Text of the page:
Medallion Status by John Hodgman
Here’s what Publishers Weekly had to say about Medallion Status: “Comedian and actor Hodgman (Vacationland) discusses being in, but mostly out, of the spotlight in a humorous essay collection that addresses topics including his television appearances and his struggles to maintain his elite airline frequent flier status after he stopped flying extensively for work. ‘I enjoy being seen and recognized,’ Hodgman writes, but ‘frankly it doesn’t happen often these days.’ The author casts himself as a used-to-be-somewhat-famous person trying to figure out his place in the world. ‘Secret Family’ relates how he overspent on a fancy Hollywood hotel, then crashed with friends: ‘Home is where they have to take you in,’ he concludes. He talks about failing to get himself invited to a Golden Globes party (‘Career Advice for Children’), scoring free jeans at the Emmy Awards gifting lounge (‘Nude Rider’), and attending his 20-year college reunion (‘Secret Society’) and seeing ‘all my old crumbling friends.’ Hodgman’s best material focuses on the marketing tricks of the airline industry (‘Thank You for Being Gold’), which manipulates passengers, Hodgman included, into competing for perks. ‘The Sky Lounge is not aspirational,’ Hodgman writes. ‘It is desperational.’ This funny, sometimes delightfully absurd book offers sharp meditations on status, relevance, and age, and fame—or at least being fame-adjacent.”
Music: A Subversive History by Ted Gioia
Here’s what Publishers Weekly had to say about Music: A Subversive History: “In this excellent history, music critic Gioia (How to Listen to Jazz) dazzles with tales of how music grew out of violence, sex, and rebellion. Gioia opens with humans fashioning musical instruments from animal bones, such as a Neanderthal flute made with a bear’s femur, and writes, ‘When the instruments didn’t come from the dead animal, they evolved from the weapons used to kill it,’ such as a hunter’s bow, which became the ‘earliest stringed instrument.’ He then explores the roots of eroticism in music in Sumerian songs and myths, and the divide between the sacred and the vulgar in music. Gioia explains how the early Catholic church elevated the human voice as the only instrument above reproach, since other instruments, drums in particular, were tainted by their pagan associations. In the Middle Ages, passionate secular songs were being performed by roaming troubadours whose new way of singing expressed a deep sensitivity to the inner romantic life. Crisply written with surprising insights, Gioia’s history ranges from Beethoven’s outsider status, due to what was considered to be his mysterious and gloomy music, to the execution and murder ballads in 20th-century folk music, and ending with the rise of rock and roll and hip-hop. Gioia’s richly told narrative provides fresh insights into the history of music.”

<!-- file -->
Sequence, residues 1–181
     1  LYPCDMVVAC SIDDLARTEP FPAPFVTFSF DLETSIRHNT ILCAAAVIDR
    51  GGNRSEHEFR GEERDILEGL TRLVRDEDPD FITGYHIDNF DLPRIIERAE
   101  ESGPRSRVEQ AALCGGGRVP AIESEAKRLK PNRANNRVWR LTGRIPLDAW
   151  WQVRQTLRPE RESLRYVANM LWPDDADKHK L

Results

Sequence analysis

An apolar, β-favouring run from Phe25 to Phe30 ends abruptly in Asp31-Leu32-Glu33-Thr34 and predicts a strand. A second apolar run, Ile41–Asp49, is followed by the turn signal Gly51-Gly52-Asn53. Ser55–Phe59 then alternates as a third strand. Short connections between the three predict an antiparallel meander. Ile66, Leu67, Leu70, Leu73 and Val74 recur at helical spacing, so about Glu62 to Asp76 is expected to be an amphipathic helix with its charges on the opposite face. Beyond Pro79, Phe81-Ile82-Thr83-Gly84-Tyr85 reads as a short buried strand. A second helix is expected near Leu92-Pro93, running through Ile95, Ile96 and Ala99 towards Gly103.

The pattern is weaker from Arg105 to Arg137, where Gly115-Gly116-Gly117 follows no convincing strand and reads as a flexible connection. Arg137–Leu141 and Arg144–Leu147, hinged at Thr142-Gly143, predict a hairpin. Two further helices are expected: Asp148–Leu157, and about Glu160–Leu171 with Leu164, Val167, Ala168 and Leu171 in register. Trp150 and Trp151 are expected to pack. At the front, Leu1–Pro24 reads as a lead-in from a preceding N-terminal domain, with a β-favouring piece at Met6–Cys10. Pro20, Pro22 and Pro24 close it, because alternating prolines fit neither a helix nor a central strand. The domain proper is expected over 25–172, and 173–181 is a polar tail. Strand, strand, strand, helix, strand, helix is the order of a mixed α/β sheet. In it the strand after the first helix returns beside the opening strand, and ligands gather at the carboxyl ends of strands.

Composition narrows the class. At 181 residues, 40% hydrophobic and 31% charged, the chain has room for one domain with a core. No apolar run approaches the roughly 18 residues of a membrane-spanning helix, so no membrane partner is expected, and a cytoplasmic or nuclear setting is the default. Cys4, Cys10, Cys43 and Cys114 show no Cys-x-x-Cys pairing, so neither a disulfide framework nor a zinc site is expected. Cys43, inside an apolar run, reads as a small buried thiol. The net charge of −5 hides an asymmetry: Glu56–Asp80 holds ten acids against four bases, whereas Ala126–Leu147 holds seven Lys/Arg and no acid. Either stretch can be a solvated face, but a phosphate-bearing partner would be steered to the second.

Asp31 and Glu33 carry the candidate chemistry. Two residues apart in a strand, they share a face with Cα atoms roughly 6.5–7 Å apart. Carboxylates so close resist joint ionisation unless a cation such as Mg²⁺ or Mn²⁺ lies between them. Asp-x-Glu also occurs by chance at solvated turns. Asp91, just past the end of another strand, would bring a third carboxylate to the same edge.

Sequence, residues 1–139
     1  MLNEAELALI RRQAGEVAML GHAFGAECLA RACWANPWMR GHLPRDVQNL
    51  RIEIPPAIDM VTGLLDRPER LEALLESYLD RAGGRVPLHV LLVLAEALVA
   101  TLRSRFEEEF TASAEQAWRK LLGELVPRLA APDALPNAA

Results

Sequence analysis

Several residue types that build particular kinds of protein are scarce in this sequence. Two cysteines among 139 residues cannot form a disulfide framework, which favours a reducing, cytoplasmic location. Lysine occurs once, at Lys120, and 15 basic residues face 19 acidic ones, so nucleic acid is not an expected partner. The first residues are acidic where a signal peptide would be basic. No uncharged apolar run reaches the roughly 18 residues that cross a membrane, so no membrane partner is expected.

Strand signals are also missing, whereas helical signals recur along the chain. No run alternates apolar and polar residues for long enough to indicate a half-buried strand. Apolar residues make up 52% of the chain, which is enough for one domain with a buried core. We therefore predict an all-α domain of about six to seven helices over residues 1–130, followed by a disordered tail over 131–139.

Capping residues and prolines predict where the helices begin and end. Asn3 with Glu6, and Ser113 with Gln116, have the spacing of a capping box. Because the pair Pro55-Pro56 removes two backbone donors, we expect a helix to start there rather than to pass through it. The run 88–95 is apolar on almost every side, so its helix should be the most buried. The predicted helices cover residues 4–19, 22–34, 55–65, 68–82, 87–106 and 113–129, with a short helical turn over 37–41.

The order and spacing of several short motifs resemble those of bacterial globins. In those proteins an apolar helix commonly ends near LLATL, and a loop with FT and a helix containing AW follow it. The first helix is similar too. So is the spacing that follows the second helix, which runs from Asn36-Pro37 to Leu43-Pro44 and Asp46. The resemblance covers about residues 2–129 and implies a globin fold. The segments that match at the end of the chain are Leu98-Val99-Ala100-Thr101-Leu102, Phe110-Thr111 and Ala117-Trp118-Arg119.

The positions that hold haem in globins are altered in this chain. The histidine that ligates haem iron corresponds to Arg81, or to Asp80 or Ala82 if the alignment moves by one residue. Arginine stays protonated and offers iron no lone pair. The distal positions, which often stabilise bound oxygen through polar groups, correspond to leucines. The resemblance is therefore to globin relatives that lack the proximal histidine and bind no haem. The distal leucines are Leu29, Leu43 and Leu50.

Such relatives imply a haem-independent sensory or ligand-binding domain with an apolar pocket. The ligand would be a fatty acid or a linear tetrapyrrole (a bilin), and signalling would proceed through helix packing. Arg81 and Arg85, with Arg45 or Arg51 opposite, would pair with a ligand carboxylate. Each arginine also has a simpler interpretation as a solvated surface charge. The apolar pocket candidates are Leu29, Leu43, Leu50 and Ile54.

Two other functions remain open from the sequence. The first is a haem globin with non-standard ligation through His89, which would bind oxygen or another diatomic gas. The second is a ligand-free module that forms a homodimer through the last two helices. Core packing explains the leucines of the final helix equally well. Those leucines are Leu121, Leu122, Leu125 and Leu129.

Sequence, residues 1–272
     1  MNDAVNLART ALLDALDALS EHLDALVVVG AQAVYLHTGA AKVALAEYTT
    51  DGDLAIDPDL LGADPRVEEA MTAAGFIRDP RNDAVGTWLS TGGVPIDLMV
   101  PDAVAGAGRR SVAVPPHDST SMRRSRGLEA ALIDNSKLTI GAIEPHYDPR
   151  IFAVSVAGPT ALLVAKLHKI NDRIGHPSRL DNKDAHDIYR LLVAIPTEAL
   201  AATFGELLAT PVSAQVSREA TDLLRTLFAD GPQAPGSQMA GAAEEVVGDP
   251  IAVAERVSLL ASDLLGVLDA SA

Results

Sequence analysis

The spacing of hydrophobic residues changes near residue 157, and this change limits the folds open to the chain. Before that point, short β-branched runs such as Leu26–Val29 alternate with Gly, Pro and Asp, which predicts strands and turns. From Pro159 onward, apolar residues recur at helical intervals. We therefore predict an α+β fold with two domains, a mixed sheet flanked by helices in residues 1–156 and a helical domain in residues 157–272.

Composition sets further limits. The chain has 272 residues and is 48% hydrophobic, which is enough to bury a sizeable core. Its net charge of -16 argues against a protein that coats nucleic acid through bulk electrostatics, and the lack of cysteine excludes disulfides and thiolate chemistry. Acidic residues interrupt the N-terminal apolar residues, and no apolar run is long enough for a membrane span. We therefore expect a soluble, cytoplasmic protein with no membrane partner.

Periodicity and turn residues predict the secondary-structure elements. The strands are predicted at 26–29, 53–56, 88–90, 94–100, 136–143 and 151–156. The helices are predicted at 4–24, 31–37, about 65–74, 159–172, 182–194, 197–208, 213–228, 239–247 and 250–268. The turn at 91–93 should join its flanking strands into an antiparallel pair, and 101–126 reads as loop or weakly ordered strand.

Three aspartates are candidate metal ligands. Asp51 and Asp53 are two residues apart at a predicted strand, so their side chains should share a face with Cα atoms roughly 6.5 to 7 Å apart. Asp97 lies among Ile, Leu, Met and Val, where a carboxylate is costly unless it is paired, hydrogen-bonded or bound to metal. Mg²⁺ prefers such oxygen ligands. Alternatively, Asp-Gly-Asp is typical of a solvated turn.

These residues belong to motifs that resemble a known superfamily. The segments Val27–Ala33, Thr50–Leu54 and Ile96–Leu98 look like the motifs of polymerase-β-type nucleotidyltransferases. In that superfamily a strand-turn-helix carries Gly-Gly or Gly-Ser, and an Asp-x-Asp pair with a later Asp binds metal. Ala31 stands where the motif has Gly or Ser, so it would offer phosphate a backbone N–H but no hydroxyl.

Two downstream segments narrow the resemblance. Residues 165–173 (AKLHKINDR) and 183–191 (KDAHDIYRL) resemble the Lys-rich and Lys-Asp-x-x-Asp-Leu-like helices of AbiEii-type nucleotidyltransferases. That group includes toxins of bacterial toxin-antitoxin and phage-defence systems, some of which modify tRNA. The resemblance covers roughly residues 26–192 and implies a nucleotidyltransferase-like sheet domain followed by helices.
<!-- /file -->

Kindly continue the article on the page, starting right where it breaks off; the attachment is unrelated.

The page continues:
A Year Without a Name by Cyrus Grace Dunham
Here’s what Publishers Weekly had to say about A Year Without a Name: “This meditative memoir by 27-year-old writer and activist Dunham, who uses they/them pronouns, provides a diaristic account of their unresolved relationship to gender and their journey to becoming Cyrus (the one boy name their parents had chosen while expecting) via a name change, hormones, and eventual top surgery. Born Grace, Dunham sensed they were different from other children around the age of five. Early on, they engaged in compulsive behavior (such as relying on magical numbers) and heard voices in their head: ‘a secondary, analytical voice that prevented [me] from taking total pleasure in anything’ and ‘the sped-up, echoing voice of Amelia Earhart, my narrative ghost, calling out to me.’ After high school, Dunham lost their virginity to a girl, figuring ‘if I couldn’t be the boy she desired, at least I’d be the girl who understood.’ The book follows the trails of other obsessive relationships— ‘Devotion is the closest thing I’ve known to a stable gender, insofar as our gender is a set of rules we either accept or make for ourselves,’ Dunham writes—and touches on their struggle with mental illness and their difficult feelings after their sister (who along with other family members is never named) became famous. Dunham demonstrates a self-reflective awareness of their own psychology. This memoir will resonate deeply with other young people seeking gender harmony.”
Dad’s Maybe Book by Tim O’Brien
Here’s what Publishers Weekly had to say about Dad’s Maybe Book: “This tender memoir begins in 2003, when 58-year-old novelist O’Brien (The Things They Carried) has a one-year-old son and another one on the way. In the format of letters to his sons, he shares the joys of fatherhood, which are muted by the prospect that his children may know him only as an old man—or not know him at all (‘Life is fragile. Hearts go still’). For the next 15 years, with the ashes of his father in an urn on his bookcase, O’Brien writes for his children what he wished his father had left him: ‘Some scraps of paper signed ‘Love Dad’.’ O’Brien covers nights of colic, basketball games, and homework battles, but this is not a compendium of cute witticisms. He taps into the dark corners of his mind, sharing an analysis of, say, the parallels between the Battle of Lexington and Concord in 1775 and his 1969 tour of duty in Vietnam’s Quang Ngai Province. He then presents a well-reasoned argument for replacing the word ‘war’ with the phrase ‘killing people, including children,’ and war’s impact on culture. O’Brien concludes with a humorous, moving letter of instruction for his 100th birthday. With great candor, O’Brien succeeds in conveying the urgency parents may feel at any age, as they ready their children for life without them.”